It’s true, not all the pieces in the collection approach the level of the last piece. Some seem rather slight, and one extended piece devoted to a country landscape had me flicking inmpatiently over pages of description of paddocks. But it’s a collection both easy to read and entertaining, and Garner’s wry postscripts at the end are characteristically amusing. The pieces are arranged roughly chronologically to form a kind of incidental memoir, with Garner as naïve teacher growing into seasoned journalist and then accomplished writer.  But between these there is literary criticism, comments on writing scripts for films, and many other interesting diversions.
The final piece that moved me so much is a description of the maternity ward of a hospital, and events taking place there over a couple of days. While it’s true that the setting is already rich in drama, it’s Garner’s understatement that lets the beauty shine through without seeming overdone. The obstetrician who has worked herself to exhaustion has a coldsore on her lip, daubed with cream.  Like the best of Garner’s work, she creates a window we peer through to see a world just like our own.
When I grow up I want to write like Helen Garner. Enough said.

Sunday, October 7, 2012

BOOK REVIEW: Death Comes to Pemberley by PD James

Logically, if you take two things you like and combine them, you should end up with something you like even more. You only need to look at the stratospheric popularity of YouTube mashups to see this rationale being played out.  The “literary mashup” genre has also taken off recently, from Pride and Prejudice and Zombies to Abraham Lincoln Vampire Hunter, Laurie R King’s Mary Russell series and others. From what I can see, the key ingredient is an enduring literary classic colliding with an unexpected genre.
So two of my favourite things – PD James crime and Pride and Prejudice – should add up to something even more fabulous, right? Unfortunately, I have to report that this theory doesn’t always work. I don’t have any problem with someone playing with a literary classic (in fact, I was quite enthusiastic about the idea) but it seems that adapting someone else’s work is a fraught and troublesome exercise. A balance needs to be struck between being faithful to the original and building upon it, and the modification that will invariably follow from that exercise. To my disappointment, it’s a line that Death Comes To Pemberley seems to fail to walk with any degree of success.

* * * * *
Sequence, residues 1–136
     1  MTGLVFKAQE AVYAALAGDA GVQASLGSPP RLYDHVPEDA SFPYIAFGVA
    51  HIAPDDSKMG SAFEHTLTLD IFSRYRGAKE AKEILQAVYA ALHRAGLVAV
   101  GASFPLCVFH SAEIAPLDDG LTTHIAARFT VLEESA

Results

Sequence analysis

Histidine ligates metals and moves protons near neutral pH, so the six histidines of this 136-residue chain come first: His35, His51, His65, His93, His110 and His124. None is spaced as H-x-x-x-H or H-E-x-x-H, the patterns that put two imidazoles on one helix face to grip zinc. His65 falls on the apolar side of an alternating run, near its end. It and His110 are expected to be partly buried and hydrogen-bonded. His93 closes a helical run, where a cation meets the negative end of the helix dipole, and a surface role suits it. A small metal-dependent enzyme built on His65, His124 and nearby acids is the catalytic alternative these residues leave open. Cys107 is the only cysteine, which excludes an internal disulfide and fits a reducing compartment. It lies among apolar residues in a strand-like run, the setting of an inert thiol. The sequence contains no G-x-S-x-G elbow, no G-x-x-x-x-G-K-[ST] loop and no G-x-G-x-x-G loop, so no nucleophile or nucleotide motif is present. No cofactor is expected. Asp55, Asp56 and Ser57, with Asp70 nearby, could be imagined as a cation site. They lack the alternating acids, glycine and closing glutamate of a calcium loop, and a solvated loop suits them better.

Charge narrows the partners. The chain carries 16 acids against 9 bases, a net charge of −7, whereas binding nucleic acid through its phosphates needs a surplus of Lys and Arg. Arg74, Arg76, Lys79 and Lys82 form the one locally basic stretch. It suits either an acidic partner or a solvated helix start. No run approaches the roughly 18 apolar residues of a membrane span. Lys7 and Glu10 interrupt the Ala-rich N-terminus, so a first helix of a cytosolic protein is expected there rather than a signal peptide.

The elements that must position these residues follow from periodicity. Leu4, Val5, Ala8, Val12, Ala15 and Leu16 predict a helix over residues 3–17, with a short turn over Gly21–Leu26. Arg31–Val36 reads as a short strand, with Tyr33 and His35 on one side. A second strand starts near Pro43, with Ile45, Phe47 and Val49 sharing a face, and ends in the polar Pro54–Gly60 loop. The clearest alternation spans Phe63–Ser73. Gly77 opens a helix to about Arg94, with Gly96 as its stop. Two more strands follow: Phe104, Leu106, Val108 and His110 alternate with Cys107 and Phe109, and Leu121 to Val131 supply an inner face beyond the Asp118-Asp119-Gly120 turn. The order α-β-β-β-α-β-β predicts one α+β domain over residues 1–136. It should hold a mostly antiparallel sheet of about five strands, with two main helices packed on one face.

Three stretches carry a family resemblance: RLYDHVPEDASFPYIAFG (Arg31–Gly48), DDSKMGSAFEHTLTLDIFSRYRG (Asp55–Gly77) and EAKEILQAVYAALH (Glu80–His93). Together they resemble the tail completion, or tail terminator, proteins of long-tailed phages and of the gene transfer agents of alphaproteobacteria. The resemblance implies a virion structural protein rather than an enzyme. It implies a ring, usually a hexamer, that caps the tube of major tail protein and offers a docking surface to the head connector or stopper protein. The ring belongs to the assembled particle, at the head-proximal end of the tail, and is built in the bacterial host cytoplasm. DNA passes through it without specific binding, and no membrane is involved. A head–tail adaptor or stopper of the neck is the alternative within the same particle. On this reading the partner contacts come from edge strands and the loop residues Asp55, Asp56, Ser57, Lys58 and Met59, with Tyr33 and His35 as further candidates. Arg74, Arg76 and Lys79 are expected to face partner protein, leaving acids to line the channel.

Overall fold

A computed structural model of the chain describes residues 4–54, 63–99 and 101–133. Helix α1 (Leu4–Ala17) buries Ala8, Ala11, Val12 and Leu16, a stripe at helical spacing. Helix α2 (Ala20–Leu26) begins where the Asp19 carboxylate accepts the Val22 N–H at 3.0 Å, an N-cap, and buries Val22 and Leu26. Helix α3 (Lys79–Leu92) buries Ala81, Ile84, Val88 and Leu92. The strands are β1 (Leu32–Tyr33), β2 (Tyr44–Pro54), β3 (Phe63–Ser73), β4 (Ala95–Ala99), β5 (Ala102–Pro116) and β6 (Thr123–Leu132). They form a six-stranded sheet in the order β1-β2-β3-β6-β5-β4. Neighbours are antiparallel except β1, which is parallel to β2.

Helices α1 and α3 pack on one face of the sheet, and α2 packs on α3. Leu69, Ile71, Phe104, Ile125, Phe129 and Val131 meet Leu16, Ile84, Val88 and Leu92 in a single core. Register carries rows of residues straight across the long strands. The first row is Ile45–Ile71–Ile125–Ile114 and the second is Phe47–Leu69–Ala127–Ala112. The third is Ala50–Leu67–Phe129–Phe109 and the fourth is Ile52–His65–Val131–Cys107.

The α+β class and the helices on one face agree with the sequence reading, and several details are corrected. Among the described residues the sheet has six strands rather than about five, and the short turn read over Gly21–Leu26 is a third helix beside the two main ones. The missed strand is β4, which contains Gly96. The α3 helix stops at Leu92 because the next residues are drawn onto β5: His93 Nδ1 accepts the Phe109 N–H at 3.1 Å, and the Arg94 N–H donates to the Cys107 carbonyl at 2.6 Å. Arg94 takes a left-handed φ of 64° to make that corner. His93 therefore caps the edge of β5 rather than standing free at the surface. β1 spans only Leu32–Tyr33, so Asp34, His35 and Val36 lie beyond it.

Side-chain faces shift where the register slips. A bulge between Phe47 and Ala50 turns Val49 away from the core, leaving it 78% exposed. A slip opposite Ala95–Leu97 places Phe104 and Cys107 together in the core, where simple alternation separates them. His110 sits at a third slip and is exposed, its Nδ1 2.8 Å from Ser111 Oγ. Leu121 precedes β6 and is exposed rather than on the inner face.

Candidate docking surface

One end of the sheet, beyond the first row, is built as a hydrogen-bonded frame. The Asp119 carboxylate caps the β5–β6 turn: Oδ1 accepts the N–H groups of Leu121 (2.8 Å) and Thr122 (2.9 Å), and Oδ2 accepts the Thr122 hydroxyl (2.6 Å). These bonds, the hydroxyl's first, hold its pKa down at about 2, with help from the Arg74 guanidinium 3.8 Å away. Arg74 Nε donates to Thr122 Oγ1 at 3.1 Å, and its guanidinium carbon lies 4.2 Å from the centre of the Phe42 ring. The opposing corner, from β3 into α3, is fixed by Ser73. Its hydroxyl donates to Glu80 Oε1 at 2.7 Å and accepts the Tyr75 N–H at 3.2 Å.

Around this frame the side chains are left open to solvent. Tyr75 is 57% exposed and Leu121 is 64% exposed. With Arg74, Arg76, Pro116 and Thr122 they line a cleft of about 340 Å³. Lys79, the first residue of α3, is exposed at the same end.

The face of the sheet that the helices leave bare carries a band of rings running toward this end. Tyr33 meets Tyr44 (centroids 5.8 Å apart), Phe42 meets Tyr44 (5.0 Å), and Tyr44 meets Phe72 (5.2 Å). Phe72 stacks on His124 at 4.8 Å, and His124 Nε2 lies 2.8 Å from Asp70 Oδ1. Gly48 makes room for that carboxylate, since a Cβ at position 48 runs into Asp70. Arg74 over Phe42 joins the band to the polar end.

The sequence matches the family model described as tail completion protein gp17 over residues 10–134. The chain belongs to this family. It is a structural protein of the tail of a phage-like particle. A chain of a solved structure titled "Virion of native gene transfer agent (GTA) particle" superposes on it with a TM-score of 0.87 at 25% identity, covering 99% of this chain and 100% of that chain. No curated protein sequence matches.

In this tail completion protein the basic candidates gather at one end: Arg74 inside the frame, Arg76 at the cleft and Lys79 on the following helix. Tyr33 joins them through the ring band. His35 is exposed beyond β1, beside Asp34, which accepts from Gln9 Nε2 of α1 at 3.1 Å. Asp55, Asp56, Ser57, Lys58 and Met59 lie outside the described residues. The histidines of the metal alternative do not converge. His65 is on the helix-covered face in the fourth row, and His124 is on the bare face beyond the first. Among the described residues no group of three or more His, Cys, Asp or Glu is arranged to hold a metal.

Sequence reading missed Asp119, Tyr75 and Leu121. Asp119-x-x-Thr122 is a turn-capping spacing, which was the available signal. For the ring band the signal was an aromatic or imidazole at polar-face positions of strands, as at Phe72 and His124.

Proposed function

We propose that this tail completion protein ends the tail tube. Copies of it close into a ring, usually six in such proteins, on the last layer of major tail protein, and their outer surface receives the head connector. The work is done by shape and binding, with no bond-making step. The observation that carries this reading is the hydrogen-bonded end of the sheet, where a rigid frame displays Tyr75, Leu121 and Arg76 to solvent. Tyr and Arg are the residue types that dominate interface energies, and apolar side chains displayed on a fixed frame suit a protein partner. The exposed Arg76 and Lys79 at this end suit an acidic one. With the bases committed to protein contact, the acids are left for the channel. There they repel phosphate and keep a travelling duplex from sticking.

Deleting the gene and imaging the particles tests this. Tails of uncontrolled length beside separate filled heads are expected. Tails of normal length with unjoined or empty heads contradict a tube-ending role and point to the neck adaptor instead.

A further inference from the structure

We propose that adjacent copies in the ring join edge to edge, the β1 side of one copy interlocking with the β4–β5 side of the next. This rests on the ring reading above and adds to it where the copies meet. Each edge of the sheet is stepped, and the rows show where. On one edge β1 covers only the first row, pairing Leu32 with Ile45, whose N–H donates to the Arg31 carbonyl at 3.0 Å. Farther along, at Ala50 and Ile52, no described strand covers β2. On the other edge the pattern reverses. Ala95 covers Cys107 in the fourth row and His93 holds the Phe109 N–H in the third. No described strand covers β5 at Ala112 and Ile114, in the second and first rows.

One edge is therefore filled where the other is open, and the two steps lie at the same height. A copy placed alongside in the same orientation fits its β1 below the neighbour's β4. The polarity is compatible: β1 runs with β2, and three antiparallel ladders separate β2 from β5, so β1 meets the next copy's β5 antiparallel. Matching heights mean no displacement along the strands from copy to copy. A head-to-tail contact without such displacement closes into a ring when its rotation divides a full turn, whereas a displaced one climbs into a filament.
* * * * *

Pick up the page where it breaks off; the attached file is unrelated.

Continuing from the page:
To start with the positive – the short recap of the events of Pride and Prejudice at the start is an unmitigated delight. James does have a few pithy comments to make on the original, such as Elizabeth musing on whether she would have married Darcy if he was not rich. These were the parts of the book that I enjoyed the most.
The plot itself starts out well but quickly descends into implausibility. This wouldn’t be such an issue if the characters themselves weren’t so wooden. James has a fair head start by dealing with characters that readers already know and love, but unfortunately, she has failed to make them her own. At best, they give the impression of actors in a bad movie reading aloud their lines with little conviction. By the end – death for a crime novel – we don’t really care whodunit at all. The court case at the end goes on for far too long and we spend too much time in the head of Darcy, who is so honourable as to be completely uninteresting (I believe the scientific term is “stuffed shirt”). If nothing else, the book proves Austen’s sense in telling the story from Elizabeth’s perspective!  
The Sunday Times quote on the cover describes PD James as “The greatest contemporary writer of classic crime” and it’s hard to argue with that assessment. But ultimately, as James herself admits in her introduction,  mixing a crime story with Ms Austen’s world was always going to be a big ask. Perhaps there’s a fundamental incompatibility or perhaps the problem is that James was simply too respectful of the original and not bold enough. Whatever the cause, it’s hard to deny that Death at Pemberley is one of the less successful examples of the mashup genre.